Designer’s Notes #1 – Introduction

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Designer’s Notes #1 – Introduction

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For 10 years I have been programming professionally, thereby financially supporting myself and my family. My work is like building a house from blocks, but in a four-dimensional world… Not only is the code itself important, and its construction, but also its deadline. And although it is difficult to imagine calmer work than typing at a computer, the rest of the process – primarily managing individual projects – is extremely exciting. I have worked for dozens of clients: Norwegians, Koreans, Americans, British, Germans, Italians and Russians. Although the orders come from different continents, I have always fulfilled them in the same location: the pearl of European cities, Wrocław. This is a very inspiring place where every day the city’s colorful, thousand-year history meets with one of the largest new technology hubs in Central-Eastern Europe. You probably know the game “Dying Light” which took the US market by storm, and was created right here in Wrocław.

It’s a good job, I like it, I want to keep doing it. So is there a problem? It turns out that, yes.

Because for 20 years I’ve been interested in games.

Games are my first and most important hobby, something like a first love, which we idealize and remember for our whole life. No matter how many projects I’m juggling in my mind and how many hours I sit in front of the monitor. Always somewhere in the back of my mind, I’m eager to spend some more time on games. On creating games.

Of course, I never stopped playing games: my phone and tablet are loaded with the newest games as well as classics from the past. But when you’ve been programming for many years, you start to look at games from the other side, as a creator instead of a consumer. You see in them projects, and you evaluate them as projects: not only in terms of gameplay, but also from technical, marketing and business perspectives.

For many years I have known that I want to do it. Life is too short to postpone one’s dreams.

Of course, I did not start with Brass, because it is too difficult and too important a project to use for learning all the specific aspects which distinguish game development from the classical software development process. Therefore, in 2013. I created and published a mobile version of the game Jasper and Zot, passing a test, or rather a “trial by fire”, in the world of gamedev. This was a very simple game, but it wasn’t about the game itself, but rather about executing the complete project. From beginning to end: business plan, license, graphics, code, tests, placement in the App Store, evaluation.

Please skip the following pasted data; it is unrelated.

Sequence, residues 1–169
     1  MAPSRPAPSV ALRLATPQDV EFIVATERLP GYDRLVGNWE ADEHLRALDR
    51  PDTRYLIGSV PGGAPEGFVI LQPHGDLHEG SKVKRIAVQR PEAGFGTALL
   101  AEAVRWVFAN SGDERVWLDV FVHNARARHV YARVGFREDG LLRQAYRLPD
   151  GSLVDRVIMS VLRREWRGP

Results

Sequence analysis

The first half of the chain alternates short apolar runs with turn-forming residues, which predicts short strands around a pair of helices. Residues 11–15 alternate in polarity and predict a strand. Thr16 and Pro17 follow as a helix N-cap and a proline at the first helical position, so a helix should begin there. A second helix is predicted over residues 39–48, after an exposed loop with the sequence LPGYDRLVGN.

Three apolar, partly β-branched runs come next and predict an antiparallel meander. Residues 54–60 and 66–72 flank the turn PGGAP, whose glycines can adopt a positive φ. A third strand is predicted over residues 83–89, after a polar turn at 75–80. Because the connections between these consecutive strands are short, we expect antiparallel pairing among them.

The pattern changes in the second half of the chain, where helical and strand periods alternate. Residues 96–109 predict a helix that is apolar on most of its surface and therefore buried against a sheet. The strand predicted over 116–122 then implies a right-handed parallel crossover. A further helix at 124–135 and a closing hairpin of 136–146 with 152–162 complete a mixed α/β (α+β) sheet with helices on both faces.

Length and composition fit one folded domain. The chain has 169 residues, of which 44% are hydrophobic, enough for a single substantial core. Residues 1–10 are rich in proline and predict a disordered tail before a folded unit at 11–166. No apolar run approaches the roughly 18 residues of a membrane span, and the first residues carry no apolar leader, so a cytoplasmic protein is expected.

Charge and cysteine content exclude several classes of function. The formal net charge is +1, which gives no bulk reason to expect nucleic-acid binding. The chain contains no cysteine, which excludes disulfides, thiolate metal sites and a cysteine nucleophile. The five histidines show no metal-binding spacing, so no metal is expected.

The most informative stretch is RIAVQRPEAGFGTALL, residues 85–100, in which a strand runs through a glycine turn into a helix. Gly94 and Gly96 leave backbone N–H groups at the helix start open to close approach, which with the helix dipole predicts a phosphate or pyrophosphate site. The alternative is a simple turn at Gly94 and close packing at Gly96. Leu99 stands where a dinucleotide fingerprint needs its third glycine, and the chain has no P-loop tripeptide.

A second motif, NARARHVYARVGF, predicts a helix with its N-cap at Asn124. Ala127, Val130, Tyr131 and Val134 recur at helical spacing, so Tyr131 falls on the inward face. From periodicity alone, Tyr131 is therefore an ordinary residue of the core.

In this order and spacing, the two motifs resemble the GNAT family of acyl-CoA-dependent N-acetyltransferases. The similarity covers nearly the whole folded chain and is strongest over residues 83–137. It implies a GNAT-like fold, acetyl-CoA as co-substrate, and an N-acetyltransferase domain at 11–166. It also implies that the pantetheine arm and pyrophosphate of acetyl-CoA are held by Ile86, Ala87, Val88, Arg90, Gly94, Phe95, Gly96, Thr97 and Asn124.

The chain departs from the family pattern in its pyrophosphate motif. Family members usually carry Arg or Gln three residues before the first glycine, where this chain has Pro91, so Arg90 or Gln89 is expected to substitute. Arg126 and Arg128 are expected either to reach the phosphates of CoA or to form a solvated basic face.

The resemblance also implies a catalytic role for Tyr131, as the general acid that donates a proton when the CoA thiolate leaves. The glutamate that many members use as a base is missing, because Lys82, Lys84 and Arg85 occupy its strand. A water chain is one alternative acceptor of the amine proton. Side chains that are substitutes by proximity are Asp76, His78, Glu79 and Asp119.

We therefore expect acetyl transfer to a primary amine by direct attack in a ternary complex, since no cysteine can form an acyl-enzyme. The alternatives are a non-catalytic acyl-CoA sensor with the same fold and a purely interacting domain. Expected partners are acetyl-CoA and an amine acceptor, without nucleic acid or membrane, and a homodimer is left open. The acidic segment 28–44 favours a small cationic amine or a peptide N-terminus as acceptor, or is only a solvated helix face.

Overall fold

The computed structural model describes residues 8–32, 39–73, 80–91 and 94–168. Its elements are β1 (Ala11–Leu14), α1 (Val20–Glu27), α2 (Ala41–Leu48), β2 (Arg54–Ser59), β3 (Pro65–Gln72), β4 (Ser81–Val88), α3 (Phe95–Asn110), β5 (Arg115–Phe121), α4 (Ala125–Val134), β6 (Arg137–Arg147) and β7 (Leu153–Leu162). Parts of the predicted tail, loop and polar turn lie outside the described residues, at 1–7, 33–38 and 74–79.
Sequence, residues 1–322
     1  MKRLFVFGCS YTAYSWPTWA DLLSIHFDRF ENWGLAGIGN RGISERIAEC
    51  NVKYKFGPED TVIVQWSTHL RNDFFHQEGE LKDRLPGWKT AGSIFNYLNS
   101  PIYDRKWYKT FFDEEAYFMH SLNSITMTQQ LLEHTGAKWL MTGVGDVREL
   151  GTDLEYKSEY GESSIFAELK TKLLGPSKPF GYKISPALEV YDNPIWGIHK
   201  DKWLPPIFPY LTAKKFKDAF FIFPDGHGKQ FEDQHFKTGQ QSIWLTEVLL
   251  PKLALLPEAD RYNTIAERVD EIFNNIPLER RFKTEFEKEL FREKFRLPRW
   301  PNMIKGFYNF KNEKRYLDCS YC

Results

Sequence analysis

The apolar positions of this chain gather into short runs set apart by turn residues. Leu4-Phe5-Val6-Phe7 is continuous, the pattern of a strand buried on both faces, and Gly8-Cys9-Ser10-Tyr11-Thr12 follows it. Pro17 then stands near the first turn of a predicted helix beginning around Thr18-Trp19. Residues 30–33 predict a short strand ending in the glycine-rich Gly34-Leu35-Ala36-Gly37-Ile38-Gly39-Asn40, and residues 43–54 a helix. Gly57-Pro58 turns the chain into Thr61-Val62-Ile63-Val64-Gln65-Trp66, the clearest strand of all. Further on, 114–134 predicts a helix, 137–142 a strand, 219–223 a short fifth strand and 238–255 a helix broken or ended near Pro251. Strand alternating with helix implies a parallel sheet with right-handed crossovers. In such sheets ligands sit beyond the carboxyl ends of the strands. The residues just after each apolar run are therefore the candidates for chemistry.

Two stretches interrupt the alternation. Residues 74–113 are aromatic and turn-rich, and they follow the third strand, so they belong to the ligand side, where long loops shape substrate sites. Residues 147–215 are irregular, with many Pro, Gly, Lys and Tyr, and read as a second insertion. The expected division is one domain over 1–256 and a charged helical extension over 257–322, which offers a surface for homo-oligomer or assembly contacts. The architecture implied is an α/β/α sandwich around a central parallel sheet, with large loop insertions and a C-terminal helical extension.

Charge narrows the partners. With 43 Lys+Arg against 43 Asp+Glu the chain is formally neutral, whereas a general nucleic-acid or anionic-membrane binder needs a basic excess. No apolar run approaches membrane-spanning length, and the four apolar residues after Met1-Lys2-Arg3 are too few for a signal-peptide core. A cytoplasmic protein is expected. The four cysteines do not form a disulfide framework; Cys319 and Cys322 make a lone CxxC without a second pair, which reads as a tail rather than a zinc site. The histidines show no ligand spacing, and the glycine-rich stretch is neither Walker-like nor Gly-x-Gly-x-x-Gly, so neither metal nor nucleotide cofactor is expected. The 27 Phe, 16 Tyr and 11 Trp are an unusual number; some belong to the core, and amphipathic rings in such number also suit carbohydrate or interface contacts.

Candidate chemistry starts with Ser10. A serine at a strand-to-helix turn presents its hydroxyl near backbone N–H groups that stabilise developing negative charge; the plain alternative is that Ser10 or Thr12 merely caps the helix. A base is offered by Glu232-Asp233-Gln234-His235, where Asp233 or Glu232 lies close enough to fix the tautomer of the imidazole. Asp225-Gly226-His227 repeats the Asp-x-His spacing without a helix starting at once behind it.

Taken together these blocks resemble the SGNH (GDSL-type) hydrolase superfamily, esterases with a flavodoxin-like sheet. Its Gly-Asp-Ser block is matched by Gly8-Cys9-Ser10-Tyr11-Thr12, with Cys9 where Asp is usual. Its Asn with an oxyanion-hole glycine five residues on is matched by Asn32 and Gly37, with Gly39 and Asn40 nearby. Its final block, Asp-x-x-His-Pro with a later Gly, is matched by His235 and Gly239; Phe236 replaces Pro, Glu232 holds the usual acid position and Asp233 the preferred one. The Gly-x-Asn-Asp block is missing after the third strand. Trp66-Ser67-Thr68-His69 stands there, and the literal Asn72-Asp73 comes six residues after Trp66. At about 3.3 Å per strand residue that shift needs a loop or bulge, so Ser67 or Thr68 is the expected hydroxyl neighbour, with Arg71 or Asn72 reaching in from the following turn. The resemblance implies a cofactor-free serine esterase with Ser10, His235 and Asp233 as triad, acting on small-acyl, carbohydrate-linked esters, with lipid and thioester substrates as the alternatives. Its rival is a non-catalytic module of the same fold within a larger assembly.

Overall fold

And what was the result of this test? Since I am writing this text, and I’m creating for you this ambitious project of a mobile version of BRASS… Clearly it was a success! It was not only a business success, but also personally satisfying.

This autumn, you will play Brass on your phones and tablets. But before then, I will try to ease your waiting time with these designer’s notes, written by a professional software developer who listened to his heart and took up game development.

Designer’s notes are written by a game designer during the process of creating a game. Their purpose is to explain the reasoning behind certain features of the game. This allows other people to understand some problems faced, and the game designer’s assumptions about the problems and conclusions about how to solve them.

In the forthcoming entries of this blog you will find the designer’s notes we wrote while creating BRASS for mobile devices. Please do not hesitate to ask questions – I’ll be happy to answer them.

 

Grzegorz – Brass for mobile producer